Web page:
With poise and prowess, Melbourne Vixens won their second ANZ championship title at Hisense Arena on Sunday.
Fielding five of the starting seven who lost their home grand final in 2012, the Vixens showed the resilience needed to withstand the most telling of tests from Queensland Firebirds, playing in their third grand final in four years, with the Vixens pulling away in the final term to win 53-42 in front of more than 9000 supporters.
In past years either the Vixens' nerves or their poise has escaped them in key finals moments but not this year.
Vixens goal attack Tegan Caldwell capped a stellar season with the grand final most valuable player award shooting 30 of 33 goals, but more importantly giving the home attack both a link-player and an impact defender making several key interceptions.When the pressure rose, so did the Vixens and when their inevitable errors came, the home side found a way to fight back as more than once a Vixens turnover was regained by a teammate.
Caldwell felt the pain of 2012 acutely as both her shooting and that of Karyn Bailey (17 of 22) escaped them when the game was there to be won.
Caldwell made all 10 of her shots in the final term while last-gamer Cath Cox, 38, was inserted into the last term, shooting six of seven goals and only missing her last shot due to having "tears in her eyes".
Caldwell, along with Madi Robinson and Bianca Chatfield will have less than a week to celebrate before Australia's Commonwealth Games training camp begins, with all three showing why they have been selected.
"It's a crazy last couple of months and it's still settling in," Caldwell said.
"Now I have a few days to celebrate with the girls then back to work because there is a lot ahead for me this year."
The Firebirds were a close second once again, following on from a loss in last year's decider, with Romelda Aiken (25 of 30) dominant until losing her touch in the final term with Vixens' goal-keeper Geva Mentor and Chatfeld in goal defence forcing her to lose her cool with the game slipping away.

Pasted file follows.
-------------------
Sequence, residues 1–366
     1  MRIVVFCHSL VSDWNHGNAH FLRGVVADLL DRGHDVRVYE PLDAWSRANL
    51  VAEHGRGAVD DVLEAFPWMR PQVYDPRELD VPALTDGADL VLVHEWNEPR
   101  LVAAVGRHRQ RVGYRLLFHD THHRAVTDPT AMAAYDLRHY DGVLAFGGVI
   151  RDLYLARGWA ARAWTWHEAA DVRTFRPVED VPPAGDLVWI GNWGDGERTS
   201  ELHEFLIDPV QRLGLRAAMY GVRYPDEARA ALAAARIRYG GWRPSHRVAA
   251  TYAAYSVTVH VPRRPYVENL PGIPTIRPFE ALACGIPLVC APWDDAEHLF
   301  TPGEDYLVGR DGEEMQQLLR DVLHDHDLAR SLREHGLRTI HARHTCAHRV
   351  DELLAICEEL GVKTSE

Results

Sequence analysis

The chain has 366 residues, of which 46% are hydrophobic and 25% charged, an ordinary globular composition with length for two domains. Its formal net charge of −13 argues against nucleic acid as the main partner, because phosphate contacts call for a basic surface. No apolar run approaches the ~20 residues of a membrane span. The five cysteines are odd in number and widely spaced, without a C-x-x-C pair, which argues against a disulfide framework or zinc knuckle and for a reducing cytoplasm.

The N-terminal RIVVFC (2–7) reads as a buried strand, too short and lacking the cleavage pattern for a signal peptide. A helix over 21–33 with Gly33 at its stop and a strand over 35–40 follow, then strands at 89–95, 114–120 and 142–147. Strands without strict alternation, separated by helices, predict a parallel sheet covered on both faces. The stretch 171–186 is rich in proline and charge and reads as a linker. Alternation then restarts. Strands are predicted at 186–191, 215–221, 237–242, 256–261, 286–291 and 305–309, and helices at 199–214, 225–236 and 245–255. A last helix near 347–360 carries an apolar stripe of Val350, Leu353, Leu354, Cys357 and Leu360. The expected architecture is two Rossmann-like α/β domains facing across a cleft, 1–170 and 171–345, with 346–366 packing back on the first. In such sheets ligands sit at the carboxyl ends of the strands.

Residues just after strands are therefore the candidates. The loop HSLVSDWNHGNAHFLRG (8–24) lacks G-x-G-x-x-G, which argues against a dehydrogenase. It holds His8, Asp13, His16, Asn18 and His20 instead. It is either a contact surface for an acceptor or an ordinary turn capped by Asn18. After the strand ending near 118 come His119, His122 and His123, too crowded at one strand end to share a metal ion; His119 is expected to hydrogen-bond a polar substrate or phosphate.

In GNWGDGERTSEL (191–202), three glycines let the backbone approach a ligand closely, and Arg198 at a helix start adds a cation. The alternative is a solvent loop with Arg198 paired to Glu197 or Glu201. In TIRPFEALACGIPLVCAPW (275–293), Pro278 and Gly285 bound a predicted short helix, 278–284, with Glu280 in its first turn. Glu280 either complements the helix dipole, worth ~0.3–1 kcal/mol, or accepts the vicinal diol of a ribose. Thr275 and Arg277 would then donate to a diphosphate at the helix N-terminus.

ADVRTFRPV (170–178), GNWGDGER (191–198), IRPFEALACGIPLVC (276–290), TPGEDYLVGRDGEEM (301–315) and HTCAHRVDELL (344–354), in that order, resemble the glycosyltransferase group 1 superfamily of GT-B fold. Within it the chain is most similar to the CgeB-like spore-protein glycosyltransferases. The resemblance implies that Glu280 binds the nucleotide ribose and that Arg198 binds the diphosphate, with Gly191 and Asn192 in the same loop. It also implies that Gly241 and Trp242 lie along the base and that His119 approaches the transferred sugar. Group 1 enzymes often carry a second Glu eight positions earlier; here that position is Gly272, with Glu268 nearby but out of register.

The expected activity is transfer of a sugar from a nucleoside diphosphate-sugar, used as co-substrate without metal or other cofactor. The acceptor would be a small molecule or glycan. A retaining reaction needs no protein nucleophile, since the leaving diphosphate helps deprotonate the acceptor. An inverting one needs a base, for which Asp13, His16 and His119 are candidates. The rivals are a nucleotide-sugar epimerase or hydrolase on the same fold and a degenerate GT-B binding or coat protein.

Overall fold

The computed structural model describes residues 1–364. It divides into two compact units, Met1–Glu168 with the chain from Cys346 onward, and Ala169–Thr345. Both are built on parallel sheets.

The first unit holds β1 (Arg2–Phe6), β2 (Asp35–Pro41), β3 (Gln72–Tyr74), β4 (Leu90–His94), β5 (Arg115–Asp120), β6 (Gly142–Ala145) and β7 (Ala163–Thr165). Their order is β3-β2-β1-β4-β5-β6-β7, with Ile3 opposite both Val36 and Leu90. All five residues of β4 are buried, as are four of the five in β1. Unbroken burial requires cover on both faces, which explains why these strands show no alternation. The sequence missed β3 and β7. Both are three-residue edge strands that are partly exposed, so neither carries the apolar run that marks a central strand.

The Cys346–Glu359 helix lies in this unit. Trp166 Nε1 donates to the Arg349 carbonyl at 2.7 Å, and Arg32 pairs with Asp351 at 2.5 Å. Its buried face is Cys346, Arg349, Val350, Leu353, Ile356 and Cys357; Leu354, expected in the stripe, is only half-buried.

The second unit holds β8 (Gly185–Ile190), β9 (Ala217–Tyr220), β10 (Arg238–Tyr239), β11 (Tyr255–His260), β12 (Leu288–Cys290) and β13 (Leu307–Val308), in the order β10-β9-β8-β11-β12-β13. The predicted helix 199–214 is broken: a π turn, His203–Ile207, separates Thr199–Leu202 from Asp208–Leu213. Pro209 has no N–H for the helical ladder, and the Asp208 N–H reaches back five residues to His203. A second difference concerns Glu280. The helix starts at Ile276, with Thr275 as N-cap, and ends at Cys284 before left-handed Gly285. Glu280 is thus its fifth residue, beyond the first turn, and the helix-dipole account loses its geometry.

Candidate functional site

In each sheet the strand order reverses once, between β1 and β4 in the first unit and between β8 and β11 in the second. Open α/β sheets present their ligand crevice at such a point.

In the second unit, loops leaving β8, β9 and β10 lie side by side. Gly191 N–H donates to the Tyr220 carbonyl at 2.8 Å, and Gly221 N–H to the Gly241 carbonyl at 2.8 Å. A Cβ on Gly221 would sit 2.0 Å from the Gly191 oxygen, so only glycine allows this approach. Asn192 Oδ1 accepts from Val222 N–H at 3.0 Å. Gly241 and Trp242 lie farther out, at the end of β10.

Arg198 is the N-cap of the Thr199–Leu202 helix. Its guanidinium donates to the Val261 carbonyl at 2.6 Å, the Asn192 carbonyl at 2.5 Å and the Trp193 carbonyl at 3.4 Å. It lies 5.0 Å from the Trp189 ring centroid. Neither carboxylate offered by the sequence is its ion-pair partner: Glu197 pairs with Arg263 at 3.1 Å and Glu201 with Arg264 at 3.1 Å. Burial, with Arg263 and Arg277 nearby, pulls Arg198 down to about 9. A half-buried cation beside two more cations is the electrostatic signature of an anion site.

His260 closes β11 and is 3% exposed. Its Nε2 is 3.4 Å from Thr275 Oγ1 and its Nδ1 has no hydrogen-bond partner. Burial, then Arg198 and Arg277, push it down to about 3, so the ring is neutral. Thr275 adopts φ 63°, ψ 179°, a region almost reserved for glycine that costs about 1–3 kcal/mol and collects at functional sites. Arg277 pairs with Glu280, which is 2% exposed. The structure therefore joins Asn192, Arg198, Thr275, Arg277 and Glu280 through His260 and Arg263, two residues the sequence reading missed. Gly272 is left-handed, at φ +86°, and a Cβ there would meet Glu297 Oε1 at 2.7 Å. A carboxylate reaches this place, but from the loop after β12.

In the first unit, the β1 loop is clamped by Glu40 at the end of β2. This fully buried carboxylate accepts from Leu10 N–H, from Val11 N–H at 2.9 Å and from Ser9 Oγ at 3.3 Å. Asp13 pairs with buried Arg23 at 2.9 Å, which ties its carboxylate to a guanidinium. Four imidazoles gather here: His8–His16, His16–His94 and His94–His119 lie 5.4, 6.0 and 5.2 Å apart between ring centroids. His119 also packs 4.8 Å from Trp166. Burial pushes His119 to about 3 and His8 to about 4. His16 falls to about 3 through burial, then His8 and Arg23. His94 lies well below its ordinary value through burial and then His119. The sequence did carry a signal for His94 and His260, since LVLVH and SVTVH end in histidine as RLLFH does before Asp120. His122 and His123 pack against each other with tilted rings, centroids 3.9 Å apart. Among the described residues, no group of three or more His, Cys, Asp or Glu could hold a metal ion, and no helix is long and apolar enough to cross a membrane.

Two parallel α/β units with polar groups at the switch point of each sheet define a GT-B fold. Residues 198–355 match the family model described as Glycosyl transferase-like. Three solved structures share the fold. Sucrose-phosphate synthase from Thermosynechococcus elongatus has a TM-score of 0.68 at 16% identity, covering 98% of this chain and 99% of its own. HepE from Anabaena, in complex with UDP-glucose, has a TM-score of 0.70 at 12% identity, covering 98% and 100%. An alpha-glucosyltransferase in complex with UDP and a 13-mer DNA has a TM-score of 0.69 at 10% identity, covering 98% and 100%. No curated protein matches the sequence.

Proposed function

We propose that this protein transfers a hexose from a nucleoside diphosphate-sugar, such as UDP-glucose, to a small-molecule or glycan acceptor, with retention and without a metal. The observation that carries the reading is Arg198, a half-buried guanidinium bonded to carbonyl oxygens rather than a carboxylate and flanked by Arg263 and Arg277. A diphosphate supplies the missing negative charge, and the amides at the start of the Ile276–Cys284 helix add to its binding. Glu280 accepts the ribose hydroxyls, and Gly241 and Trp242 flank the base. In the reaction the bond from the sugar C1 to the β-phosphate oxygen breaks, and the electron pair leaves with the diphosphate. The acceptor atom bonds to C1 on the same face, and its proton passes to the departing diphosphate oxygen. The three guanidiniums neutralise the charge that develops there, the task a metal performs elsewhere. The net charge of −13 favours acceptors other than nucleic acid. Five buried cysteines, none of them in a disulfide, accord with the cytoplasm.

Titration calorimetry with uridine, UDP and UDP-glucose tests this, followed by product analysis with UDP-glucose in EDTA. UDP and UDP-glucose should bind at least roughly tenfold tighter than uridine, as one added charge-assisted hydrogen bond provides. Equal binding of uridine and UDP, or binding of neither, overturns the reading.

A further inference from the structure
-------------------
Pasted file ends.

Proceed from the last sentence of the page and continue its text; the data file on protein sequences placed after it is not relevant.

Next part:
Until a telling final term run, the Vixens were never more than five goals ahead but each time the Firebirds looked ready to regain the lead, the home side steeled itself and strung together key goals, especially in the final term which they won 16-8.
Chatfield said she was happy her side took its chance at a premiership.
"It's always been a game of persistence against the Firebirds," Chatfield said.
"We don't usually get the rewards until the final term and it was just about keeping positive and eventually it will come our way.
"They threw everything they had at us and I knew we had more to give, to win by 11 goals is incredible."
When looking at the difference between past Vixens' sides and this year's premiership winner, Chatfield said the "professionalism" of the team's youngest players, Elizabeth Watson and wing defence Kate Moloney, stood out.
"It was in the last five minutes - I looked down the court at Coxy and she was smiling and about to lose it," Chatfield said.
"Funny that Kate Moloney, who is one of our youngest and least experienced, was pushing everyone to keep going and keep pushing.
"There was no chance she was going to celebrate until the job was done - that is what Lizzy and Kate have added to the team this year - they are professionals beyond their years."
McKinnis said she was relieved to see her side lift the trophy, she especially praised the defensive efforts of her whole side.
"It's about everyone being prepared to work hard defensively," McKinnis said.
"You might take 50 to 100 times to get that touch but it might be the one time we need it."
In Cox's mind, it was a case of mission accomplished, now she can celebrate a career completed.
"It's nice to know I never have to do a pre-season again - now I can celebrate," Cox said.
- The Age
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